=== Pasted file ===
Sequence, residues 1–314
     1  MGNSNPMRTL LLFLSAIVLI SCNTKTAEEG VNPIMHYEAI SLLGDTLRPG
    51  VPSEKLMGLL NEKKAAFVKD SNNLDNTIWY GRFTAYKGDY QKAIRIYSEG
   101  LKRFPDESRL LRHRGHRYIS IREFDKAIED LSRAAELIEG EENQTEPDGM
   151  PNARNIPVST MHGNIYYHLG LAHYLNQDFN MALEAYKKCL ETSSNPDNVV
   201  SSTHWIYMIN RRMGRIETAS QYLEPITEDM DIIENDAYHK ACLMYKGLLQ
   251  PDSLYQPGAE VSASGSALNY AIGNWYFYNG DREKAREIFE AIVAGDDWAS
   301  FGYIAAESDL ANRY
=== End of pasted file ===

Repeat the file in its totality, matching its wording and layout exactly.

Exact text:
Sequence, residues 1–314
     1  MGNSNPMRTL LLFLSAIVLI SCNTKTAEEG VNPIMHYEAI SLLGDTLRPG
    51  VPSEKLMGLL NEKKAAFVKD SNNLDNTIWY GRFTAYKGDY QKAIRIYSEG
   101  LKRFPDESRL LRHRGHRYIS IREFDKAIED LSRAAELIEG EENQTEPDGM
   151  PNARNIPVST MHGNIYYHLG LAHYLNQDFN MALEAYKKCL ETSSNPDNVV
   201  SSTHWIYMIN RRMGRIETAS QYLEPITEDM DIIENDAYHK ACLMYKGLLQ
   251  PDSLYQPGAE VSASGSALNY AIGNWYFYNG DREKAREIFE AIVAGDDWAS
   301  FGYIAAESDL ANRY